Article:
A Visionary Resource for Instilling Fundamental Principles of Rigorous Neuroscience Research Workshop

A Visionary Resource for Instilling Fundamental Principles of Rigorous Neuroscience Research Workshop

October 22, 2018
October 23, 2018

Contact: 

Devon Crawford

Contact Number: 

301-496-1917

Contact Email: 

devon.crawford@nih.gov

Location: 

Natcher Conference Center
Bethesda, MD 20894

Event Description: 

A Visionary Resource for Instilling Fundamental Principles of Rigorous Neuroscience Research workshop was held in Bethesda Maryland on October 22-23, 2018.

Numerous publications have called for more rigorous biomedical studies and for better reporting of study design, execution, analysis, and interpretation; however, many projects still fall short with respect to rigor and reporting. One potential contributing factor to this issue may be a lack of formal training for scientists in the fundamental principles of performing and reporting rigorous research. Consequently, the lack of rigorous experimental design and analysis impedes the progress of science and research attempting to reduce the burden of disease.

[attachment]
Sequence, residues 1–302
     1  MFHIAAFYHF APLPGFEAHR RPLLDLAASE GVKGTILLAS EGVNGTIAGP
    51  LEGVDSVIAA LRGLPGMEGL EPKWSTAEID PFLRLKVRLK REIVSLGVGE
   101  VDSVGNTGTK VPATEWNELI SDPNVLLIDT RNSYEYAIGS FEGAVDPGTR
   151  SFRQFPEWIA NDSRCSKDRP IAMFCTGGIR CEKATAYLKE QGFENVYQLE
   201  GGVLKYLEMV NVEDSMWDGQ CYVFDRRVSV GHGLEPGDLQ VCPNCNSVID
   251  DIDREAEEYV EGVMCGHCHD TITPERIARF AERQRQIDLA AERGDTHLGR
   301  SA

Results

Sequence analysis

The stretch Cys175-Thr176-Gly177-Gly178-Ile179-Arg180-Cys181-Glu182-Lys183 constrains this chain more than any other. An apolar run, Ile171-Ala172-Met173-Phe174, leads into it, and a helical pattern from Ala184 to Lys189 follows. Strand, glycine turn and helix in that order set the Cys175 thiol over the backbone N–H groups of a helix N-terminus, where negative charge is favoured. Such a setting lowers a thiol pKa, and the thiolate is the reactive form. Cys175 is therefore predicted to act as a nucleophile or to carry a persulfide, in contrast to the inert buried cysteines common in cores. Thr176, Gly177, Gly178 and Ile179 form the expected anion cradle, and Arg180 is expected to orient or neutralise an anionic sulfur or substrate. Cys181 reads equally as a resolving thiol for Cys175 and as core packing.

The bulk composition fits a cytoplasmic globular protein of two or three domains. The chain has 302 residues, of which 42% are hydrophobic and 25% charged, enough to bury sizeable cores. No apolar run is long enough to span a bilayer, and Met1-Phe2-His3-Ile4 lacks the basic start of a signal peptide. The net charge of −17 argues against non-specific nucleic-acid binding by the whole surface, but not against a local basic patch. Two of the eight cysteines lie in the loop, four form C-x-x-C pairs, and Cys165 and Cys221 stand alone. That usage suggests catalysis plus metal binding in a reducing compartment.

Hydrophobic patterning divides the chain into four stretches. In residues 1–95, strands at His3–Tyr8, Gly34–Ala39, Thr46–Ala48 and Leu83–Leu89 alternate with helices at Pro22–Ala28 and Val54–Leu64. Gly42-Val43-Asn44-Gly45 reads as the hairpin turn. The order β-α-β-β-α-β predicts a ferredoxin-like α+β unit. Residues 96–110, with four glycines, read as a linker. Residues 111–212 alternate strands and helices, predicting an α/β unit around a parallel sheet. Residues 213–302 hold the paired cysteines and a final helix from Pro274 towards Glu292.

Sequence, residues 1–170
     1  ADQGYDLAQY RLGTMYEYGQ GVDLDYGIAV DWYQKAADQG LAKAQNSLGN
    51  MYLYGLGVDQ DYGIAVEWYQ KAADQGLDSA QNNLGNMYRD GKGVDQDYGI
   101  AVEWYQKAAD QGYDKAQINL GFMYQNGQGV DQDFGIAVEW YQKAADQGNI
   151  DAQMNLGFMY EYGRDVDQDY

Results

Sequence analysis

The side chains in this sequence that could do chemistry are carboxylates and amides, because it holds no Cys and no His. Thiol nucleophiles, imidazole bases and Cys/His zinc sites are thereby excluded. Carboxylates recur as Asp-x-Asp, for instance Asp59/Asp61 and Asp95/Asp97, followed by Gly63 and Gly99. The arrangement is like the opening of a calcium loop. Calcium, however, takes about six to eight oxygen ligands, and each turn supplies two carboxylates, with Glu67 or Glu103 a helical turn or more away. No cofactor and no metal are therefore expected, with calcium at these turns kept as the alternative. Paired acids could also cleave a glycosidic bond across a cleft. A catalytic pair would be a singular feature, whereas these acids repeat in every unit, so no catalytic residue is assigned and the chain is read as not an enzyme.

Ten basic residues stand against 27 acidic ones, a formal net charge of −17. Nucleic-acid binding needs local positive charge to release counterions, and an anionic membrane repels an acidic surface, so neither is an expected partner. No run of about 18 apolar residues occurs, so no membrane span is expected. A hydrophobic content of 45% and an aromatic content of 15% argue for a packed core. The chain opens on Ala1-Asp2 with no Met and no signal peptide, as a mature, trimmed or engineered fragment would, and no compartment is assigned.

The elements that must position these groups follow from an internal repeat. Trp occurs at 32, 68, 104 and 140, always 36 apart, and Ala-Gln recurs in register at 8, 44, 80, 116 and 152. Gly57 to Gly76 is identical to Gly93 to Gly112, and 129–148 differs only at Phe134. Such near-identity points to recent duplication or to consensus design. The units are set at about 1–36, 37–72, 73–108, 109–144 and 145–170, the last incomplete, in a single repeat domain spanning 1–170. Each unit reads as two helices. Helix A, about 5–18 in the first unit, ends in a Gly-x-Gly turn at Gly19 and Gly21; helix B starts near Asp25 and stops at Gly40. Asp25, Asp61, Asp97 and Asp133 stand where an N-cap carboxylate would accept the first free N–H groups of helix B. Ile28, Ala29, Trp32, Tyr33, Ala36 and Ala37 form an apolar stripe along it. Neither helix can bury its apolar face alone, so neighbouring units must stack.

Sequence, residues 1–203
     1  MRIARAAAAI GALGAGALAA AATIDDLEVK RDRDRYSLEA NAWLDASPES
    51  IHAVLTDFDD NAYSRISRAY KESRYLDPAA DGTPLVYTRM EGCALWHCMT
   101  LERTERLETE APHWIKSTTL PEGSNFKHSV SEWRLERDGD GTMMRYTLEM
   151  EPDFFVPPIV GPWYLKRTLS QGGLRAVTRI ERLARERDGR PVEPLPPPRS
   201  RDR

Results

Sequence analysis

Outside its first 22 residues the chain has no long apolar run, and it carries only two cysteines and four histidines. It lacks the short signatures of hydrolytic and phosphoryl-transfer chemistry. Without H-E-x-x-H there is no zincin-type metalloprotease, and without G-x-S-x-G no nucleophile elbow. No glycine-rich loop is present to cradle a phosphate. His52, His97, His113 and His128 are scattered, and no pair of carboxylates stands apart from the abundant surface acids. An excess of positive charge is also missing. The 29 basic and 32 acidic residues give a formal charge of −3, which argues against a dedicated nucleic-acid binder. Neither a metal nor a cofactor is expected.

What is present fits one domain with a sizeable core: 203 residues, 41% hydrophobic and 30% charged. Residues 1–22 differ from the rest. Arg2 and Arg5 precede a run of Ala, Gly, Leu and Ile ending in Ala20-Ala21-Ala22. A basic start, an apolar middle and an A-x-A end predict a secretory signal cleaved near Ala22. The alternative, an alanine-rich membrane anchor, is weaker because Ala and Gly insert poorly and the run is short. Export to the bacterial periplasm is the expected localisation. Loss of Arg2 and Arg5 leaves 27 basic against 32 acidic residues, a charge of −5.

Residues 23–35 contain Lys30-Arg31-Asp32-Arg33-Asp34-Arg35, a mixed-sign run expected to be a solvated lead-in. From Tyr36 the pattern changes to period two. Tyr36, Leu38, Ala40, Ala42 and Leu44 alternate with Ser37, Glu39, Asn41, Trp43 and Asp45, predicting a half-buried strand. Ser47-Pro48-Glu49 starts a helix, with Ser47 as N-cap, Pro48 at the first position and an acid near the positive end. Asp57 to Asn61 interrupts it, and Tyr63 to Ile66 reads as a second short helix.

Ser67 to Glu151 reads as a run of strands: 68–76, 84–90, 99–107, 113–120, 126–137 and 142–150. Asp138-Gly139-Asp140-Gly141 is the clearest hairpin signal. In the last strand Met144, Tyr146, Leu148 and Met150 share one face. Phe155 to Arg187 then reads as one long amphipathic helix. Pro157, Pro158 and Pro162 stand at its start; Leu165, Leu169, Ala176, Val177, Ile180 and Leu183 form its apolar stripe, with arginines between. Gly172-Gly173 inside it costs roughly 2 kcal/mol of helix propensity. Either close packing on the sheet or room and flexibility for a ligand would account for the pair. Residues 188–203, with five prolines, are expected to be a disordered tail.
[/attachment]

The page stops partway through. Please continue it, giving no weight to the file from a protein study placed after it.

One goal of the workshop was to identify key elements necessary for teaching fundamental principles of rigorous research and for building an educational resource that could be widely implemented. Hopefully this will facilitate adequate education in the fundamental principles of rigorous research, which will improve the quality of biomedical research practices.

Post Event Summary: 

Day 1: October 22, 2018

Welcome by Lawrence Tabak (0:00)

Introduction by Shai Silberberg (0:19)

Keynote by Malcolm Macleod (0:27)

Session 1: Identifying Fundamental Principles of Rigorous Research (1:33)

Session 2: Instilling Principles of Rigorous Research (3:29)

Session 3: Non-Traditional Educational Tools (5:35)

 

Day 2: October 23, 2018

 

Day 2 Introduction by Devon Crawford (0:00)

Session 4: Vision of a Living Educational Resource for Students, Educators, and Scientists (0:10)

Session 5: Recommendations (2:21)

Concluding Remarks by Walter Koroshetz (3:44)